Friday, 16 April 2010


Afrodita, a short-haired mute girl, lives with her two sisters in the Macedonian city of Veles. Lost in her own world, Afrodita dances her way through life in a haze of childlike merriment, unhindered by the city’s toxic landscape. What does hold her back however is her perceived inferiority amongst her siblings, specifically her comparative asexuality. While sisters Slavica and Sapho are able to employ their feminine wiles to get the men they desire, Afrodita remains a virgin at the age of twenty-seven. Perhaps this is due in no small part to her naïveté regarding the mechanics of sex – after all, she daydreams about giving birth to countless babies from her mouth. In desperation, she propositions Aco, a man pursuing Sapho, but the experience proves to be a stark difference from her romantic idyll.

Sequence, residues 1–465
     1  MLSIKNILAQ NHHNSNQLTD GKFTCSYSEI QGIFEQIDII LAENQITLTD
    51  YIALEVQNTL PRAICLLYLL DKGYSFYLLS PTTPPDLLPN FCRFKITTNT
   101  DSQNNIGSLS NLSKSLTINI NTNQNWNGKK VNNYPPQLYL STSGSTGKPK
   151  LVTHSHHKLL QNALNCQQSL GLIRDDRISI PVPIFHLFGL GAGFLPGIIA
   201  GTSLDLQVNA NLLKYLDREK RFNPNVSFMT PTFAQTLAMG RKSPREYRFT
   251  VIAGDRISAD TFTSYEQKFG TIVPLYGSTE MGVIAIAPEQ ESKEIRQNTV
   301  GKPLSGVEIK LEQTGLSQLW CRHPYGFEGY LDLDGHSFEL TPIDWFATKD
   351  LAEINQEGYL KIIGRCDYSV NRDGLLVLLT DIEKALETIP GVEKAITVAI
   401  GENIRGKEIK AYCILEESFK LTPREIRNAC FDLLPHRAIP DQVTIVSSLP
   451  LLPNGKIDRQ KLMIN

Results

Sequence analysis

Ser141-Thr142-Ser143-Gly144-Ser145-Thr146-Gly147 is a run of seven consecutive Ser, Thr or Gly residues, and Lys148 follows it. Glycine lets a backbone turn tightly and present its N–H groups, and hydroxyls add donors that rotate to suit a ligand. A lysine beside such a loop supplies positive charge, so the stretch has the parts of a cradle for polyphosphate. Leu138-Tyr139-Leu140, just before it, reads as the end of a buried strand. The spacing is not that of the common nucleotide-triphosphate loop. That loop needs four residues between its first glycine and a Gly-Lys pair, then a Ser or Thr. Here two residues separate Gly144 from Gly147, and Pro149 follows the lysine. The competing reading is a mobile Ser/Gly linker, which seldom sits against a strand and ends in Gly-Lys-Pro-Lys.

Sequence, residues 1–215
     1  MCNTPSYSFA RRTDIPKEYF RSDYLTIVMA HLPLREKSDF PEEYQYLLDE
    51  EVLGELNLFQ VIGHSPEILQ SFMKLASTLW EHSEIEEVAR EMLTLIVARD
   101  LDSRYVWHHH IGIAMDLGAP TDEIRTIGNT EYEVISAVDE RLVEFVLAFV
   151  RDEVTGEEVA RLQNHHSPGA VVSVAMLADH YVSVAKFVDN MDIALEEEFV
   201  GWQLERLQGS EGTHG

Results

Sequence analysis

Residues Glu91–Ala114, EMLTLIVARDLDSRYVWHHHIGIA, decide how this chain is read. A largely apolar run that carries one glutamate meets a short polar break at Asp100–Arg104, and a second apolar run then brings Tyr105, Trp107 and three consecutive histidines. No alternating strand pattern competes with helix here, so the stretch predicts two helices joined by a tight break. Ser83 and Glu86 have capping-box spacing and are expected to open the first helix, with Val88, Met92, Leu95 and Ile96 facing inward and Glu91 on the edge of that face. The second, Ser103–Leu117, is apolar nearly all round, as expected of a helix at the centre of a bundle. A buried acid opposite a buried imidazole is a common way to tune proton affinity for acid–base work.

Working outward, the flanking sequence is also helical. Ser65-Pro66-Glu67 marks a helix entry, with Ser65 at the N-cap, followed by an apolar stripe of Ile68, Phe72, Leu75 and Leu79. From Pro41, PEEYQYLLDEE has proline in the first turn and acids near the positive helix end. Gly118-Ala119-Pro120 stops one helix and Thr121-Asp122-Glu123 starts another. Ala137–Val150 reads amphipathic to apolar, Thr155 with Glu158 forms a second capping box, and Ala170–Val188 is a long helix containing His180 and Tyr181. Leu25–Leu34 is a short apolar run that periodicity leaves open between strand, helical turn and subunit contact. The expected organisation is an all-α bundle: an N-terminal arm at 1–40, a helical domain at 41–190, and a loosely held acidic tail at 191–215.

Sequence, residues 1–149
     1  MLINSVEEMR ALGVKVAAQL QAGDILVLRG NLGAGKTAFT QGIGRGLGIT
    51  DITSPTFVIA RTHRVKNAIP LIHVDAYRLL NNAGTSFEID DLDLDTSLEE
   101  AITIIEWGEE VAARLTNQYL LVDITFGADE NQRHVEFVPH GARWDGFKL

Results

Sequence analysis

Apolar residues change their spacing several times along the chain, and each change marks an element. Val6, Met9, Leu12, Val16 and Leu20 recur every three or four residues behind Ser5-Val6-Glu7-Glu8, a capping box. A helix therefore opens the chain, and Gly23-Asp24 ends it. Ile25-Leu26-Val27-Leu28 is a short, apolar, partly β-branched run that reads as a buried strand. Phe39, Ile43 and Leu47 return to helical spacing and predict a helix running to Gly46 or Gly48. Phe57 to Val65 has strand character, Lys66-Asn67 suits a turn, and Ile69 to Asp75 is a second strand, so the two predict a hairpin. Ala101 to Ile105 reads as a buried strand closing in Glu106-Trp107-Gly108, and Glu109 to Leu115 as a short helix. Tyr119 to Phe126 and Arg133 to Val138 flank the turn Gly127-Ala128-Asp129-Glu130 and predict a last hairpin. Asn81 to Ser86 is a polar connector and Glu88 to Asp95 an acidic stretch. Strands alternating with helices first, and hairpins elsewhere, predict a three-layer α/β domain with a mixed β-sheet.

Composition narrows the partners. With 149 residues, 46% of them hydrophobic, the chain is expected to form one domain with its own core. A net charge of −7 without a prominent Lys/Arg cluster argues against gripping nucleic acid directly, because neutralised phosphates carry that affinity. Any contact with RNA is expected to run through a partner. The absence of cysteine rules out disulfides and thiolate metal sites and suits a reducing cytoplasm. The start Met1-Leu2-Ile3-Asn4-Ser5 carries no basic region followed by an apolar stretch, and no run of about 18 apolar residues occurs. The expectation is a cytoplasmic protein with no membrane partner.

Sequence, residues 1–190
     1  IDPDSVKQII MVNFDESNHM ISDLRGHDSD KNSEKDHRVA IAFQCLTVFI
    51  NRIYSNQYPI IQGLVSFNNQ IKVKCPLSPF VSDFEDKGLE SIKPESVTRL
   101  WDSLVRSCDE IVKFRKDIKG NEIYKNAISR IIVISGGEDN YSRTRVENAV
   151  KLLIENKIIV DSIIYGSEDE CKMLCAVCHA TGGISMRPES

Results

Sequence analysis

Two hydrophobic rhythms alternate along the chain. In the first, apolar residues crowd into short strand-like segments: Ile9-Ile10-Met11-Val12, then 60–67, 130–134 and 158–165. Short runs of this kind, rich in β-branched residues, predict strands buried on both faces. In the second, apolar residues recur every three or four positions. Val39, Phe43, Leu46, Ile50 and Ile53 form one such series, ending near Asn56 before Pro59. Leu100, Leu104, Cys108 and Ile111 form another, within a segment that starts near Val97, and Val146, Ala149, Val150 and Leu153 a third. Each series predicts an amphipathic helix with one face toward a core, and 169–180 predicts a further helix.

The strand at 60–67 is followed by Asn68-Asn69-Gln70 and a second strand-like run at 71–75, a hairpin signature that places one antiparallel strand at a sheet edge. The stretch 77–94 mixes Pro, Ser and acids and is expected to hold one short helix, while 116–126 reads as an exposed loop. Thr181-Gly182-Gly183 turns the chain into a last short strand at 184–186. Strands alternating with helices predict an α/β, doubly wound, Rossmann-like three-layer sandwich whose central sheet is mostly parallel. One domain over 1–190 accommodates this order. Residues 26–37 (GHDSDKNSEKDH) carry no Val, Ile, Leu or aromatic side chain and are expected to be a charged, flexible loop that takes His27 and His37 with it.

Unapologetically quirky, I Am From Titov Veles proposes a believable story against an interesting backdrop, but ultimately it leaves a lot to be desired. The sisters are rather half-baked as characters (besides fulfilling the ‘virgin, mother, whore’ dynamic of feminist film theory), and Afrodita in particular is a grating presence. Her unexplained muteness seems like little more than a whim of the director, whose painterly sensibilities get cloying very quickly. Additionally, the audience is presented with mixed messages about female sexuality and it’s hard to understand what one should take away from it. The film does have its virtues, however – the cinematography is gently hypnotic, using flourishes of colour and texture to bring scenes to life.

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